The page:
Healthcare services is one of the largest industries in the United States, so it’s no surprise that it also employs millions of people across the country. While some of the most prestigious roles in healthcare, like doctors and surgeons, require a medical license, there are plenty of other ways to build a career in the field. Many of these options also offer the potential for long-term growth and development.
Assistant and Ancillary Staff
Large hospitals that have dozens of physicians also need even more assistants and support staff members to keep the building running smoothly. Managing supplies, logistical requirements, staffing needs and other issues can be demanding tasks, even in smaller clinics. Some hospitals also have full-time cleaning and cooking staff to provide for the hundreds or thousands of people in the building every day. Many of these jobs help build skills that can be transferred outside of the healthcare industry as well.
Due to the complexity and specific scope of medical topics, members of the industry and trade publications rely on writers who specialize in this kind of subject matter. Some medical journalists and technical writers are medically licensed, but this is not usually a requirement for most positions. Writers can leverage their knowledge of the healthcare system to write informative or expository pieces for public consumption or work for medical providers to create marketing material or technical communications.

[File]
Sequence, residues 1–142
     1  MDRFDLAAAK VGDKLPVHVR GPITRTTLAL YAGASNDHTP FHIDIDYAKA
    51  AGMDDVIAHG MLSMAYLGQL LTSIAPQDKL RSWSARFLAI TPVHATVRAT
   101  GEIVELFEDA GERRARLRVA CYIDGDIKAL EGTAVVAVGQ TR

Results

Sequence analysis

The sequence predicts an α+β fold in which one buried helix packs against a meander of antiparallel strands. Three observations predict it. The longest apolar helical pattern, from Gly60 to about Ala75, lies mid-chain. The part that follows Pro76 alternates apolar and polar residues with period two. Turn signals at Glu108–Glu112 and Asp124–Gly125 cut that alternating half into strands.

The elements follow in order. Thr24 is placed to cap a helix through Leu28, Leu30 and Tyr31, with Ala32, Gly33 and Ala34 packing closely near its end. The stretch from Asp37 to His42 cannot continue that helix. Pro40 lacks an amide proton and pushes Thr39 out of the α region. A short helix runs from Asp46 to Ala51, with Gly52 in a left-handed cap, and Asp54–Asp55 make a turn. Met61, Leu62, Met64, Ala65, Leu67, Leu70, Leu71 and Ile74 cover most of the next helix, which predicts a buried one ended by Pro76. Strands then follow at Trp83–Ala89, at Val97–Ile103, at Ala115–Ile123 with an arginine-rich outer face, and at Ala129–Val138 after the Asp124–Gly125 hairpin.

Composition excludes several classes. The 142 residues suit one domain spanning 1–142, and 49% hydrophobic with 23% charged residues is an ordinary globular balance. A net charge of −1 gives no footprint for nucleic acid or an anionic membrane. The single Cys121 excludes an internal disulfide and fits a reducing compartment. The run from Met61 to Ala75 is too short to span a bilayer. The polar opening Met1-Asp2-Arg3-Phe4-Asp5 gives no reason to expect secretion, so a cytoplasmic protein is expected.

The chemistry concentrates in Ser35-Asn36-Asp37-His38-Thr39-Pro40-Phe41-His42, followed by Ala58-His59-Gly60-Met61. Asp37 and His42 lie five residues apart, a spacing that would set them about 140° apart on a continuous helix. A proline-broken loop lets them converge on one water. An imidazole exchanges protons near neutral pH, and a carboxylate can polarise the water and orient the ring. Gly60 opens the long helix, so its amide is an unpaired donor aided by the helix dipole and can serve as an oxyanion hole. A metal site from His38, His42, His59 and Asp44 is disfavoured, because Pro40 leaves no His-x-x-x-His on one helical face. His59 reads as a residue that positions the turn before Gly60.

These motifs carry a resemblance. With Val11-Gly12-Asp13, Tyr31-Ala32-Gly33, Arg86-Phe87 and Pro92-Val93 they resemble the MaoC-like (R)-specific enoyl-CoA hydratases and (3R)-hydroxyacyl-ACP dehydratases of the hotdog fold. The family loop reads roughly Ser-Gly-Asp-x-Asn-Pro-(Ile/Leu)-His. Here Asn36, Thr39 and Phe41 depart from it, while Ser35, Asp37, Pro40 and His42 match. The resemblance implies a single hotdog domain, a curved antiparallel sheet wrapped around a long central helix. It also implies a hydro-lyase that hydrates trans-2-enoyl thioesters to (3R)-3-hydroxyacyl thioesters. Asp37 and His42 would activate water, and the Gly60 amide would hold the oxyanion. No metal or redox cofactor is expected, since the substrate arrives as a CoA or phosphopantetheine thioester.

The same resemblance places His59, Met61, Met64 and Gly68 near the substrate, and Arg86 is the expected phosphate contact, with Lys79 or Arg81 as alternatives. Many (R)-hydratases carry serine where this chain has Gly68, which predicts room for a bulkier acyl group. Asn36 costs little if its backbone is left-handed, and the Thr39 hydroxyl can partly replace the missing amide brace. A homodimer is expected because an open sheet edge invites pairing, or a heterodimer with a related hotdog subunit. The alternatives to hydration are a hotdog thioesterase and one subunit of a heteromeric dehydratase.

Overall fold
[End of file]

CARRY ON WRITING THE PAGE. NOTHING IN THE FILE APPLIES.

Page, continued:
Law and Compliance
All healthcare providers need to have a comfortable understanding of applicable regulations to keep their operations going. The complexity and scope of regulations on health services has created a need for legal and regulatory experts to aid these organizations. For example, finding a reliable HCP aggregate spend compliance solution to streamline reporting and improve accuracy can prevent much more serious complications in the future.
Administration and Marketing
Many healthcare providers operate under a conventional business model and even hospitals that benefit from public funds still need to budget carefully. Managing internal finances, directing new programs and ensuring smooth operations across an organization requires strong management skill and business sense. Many people create careers in the medical field through a conventional business pathway, like marketing, accounting or leadership.
Many people who work in healthcare enjoy the satisfaction they get from directly helping others, even if they aren’t the one performing medical procedures. Excellent health services requires participation from people with all different career backgrounds and professional abilities, so you don’t need a medical license to make meaningful contributions to the field.
Anica is a professional content and copywriter who graduated from the University of San Francisco. She loves dogs, the ocean, and anything outdoor-related. You can connect with Anica on Twitter @AnicaOaks.